Cheetahs are critically endangered in their Asiatic range, where the last 70-110 individuals survive only in Iran. We demonstrate that these extant Iranian cheetahs are the last representatives of the Asiatic subspecies, the report said.
“The basic objective of the much-hyped project was to revive this last surviving Asiatic subspecies and in the process our grassland ecology,” pointed out Dr Pramod Patil, grassland conservationist. After the publication of the paper and proven genetic dissimilarity between the two sub-species, it is baffling why the MOEF is still pushing for the Cheetah reintroduction programme.
The African sub-species are not threatened; they exist in good numbers, what is the point in “importing” 18 of these exotic animals and raise them on Indian grasslands? he questioned. He further pointed out that the Asiatic sub-species are not known to breed in captivity, and if the same holds good for African species then the programme is not likely to be successful.
To add to it, as per the article Cheetahs are genetically weak species. One cannot rule out the possibilities of inbreeding among the 18 South African Cheetahs, which would lead to further weakening of species.
“The objective is certainly not clear, what purpose would it solve,” shot back conservation biologist Dharmendra Khandal. He further pointed out that as per the claims of Pakistan there are chances of the presence of Cheetah there. It is said that till 1997-98, Asiatic Cheetahs from Iran and Afghanistan must have crossed as far as Pakistan border.
The proposed site at Shahgarh in Jaisalmer (Rajasthan) is not very far away considering that these animals are prone to crossing territories. “This would definitely cause ‘genetic pollution’ of these endangered Asiatic sub species,” he pointed out.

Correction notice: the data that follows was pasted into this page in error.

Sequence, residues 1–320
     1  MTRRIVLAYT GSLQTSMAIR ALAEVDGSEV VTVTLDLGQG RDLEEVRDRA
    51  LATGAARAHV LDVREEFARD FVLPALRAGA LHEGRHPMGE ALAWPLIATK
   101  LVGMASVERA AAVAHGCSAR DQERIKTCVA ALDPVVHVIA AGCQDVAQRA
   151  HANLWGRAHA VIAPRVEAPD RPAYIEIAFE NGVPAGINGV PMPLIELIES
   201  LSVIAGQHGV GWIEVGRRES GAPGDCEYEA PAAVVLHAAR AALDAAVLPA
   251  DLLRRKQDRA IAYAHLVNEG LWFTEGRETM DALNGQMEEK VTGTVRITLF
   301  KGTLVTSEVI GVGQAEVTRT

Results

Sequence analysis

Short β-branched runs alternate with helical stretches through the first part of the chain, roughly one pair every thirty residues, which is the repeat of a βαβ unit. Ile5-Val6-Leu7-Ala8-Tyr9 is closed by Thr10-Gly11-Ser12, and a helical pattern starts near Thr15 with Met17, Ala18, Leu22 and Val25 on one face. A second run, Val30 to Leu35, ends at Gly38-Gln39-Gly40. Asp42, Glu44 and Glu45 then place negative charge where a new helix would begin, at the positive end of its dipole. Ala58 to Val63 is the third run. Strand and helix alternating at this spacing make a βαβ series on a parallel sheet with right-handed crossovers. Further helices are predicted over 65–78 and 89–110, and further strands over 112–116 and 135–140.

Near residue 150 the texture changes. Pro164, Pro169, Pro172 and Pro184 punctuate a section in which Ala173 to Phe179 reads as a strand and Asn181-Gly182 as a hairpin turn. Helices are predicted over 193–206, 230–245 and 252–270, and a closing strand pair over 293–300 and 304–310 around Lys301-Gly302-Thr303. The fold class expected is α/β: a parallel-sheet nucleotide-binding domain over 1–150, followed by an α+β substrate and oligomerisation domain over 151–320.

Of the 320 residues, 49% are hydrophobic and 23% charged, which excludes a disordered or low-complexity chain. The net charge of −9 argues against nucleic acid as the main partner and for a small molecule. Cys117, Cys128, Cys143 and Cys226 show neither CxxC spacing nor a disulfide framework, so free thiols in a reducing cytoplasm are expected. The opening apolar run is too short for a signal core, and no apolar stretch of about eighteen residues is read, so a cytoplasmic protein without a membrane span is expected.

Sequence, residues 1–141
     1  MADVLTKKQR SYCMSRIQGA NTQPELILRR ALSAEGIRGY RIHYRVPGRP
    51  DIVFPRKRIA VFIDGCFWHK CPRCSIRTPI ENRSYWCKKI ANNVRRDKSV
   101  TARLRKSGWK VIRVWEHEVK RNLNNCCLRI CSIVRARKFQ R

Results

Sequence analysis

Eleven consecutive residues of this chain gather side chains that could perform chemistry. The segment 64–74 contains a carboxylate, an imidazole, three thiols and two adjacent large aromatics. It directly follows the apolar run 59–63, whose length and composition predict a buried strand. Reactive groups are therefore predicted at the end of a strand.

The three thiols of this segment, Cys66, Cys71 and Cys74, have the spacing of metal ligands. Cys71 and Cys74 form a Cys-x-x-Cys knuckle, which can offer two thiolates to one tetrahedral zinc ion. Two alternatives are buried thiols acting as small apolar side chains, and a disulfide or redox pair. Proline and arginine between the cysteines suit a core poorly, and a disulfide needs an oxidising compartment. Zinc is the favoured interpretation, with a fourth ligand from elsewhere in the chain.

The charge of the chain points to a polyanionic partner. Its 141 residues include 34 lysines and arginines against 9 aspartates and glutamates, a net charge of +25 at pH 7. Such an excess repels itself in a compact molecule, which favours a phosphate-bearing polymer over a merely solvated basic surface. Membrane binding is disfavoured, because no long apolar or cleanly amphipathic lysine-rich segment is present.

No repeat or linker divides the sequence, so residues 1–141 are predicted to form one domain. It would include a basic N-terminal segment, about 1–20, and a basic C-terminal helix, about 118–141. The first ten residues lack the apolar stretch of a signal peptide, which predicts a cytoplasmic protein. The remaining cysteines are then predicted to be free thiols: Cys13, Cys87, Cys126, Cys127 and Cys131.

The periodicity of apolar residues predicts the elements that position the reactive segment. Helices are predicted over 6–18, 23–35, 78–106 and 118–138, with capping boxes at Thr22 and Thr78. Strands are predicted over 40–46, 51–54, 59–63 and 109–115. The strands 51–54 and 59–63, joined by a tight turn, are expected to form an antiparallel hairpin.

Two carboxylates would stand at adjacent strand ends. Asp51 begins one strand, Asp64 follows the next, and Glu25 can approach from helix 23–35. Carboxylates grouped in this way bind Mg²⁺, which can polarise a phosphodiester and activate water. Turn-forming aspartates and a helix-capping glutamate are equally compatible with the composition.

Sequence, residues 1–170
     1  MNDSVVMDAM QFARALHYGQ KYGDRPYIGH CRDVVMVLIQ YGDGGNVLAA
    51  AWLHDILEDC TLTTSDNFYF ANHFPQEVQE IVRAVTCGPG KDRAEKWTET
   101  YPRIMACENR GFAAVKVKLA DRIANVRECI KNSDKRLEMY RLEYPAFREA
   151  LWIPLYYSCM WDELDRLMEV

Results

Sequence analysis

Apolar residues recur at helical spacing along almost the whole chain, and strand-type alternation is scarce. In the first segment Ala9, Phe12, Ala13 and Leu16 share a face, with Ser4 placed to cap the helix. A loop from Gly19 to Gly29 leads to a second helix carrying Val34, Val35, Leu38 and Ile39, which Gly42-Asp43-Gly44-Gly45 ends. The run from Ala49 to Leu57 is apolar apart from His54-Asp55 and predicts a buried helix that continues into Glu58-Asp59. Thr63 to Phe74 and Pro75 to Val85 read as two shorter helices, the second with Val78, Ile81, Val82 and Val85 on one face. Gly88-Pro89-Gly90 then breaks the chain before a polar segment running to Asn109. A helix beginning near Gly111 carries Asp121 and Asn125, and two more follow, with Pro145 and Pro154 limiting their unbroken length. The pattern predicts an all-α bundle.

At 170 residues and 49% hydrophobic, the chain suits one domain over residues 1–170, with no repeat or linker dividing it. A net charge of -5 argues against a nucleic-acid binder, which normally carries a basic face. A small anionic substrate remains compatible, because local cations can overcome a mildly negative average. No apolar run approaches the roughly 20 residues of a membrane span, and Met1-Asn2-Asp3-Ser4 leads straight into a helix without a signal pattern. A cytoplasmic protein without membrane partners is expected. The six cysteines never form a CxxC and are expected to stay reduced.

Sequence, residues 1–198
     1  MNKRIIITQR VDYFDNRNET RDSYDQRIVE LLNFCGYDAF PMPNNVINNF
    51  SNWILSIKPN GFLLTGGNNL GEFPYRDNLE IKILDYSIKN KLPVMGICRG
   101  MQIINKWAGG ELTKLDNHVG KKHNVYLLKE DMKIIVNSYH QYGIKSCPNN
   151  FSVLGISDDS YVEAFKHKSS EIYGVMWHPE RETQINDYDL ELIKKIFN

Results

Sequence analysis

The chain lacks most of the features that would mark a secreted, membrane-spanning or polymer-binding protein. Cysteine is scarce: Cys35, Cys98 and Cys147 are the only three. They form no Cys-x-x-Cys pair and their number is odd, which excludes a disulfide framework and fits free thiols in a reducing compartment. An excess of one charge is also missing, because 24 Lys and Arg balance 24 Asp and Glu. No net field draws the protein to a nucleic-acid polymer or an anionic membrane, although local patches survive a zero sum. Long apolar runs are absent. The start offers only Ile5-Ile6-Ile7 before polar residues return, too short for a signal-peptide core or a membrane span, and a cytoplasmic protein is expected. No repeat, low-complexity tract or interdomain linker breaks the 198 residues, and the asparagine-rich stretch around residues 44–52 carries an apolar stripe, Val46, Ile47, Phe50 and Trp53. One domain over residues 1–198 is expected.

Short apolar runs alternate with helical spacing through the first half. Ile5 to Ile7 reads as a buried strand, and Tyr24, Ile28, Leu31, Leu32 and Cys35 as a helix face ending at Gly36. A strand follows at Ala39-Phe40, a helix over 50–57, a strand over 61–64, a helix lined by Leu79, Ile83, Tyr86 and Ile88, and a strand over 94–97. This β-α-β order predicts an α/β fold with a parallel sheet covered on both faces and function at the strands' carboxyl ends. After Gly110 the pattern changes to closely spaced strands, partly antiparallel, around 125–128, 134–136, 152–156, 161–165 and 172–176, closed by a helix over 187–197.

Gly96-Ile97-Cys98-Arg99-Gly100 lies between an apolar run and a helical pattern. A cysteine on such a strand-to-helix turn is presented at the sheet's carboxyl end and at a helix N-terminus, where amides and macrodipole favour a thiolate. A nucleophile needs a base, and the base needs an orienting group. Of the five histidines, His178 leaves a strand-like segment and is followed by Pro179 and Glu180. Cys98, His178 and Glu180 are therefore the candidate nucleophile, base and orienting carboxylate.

Dr Patil further pointed out that even if Cheetahs are brought to the country “where is the conservation policy for grasslands”. India has the highest livestock population in the world, one can thus imagine the tremendous grazing pressure on the grassland. The Ministry should come up with a National Grazing policy if the grasslands are to be protected, he added.
Further, there is already protest amongst local people in Madhya Pradesh against the decision, hence reintroduction of Cheetahs could open a new chapter on human-wild life conflict. Without local support it is not possible to release cheetah into the wild.
Harping on similar lines, former PCCF MP, PM Lad, said, “The prospects of survival of genetically alien cheetahs here is very bleak, what is the ultimate purpose, I fail to understand.” In fact a senior forest officer declined to accept the
Staff pay delays at Cairns Wildlife Safari Reserve
A FRESH claim that staff at the Cairns Wildlife Safari Reserve have not been paid for more than five weeks was rejected by owner Jenny Jattke.
Two people, who asked not to be named, made the claim in an email to The Cairns Post.
Mrs Jattke said yesterday there were delays but not of five weeks, and all staff would get what they were owed.
"We’ve had difficulties in the past but our staff always get paid," she said.
"The staff here are well aware that the animals come first … you can’t not feed the animals.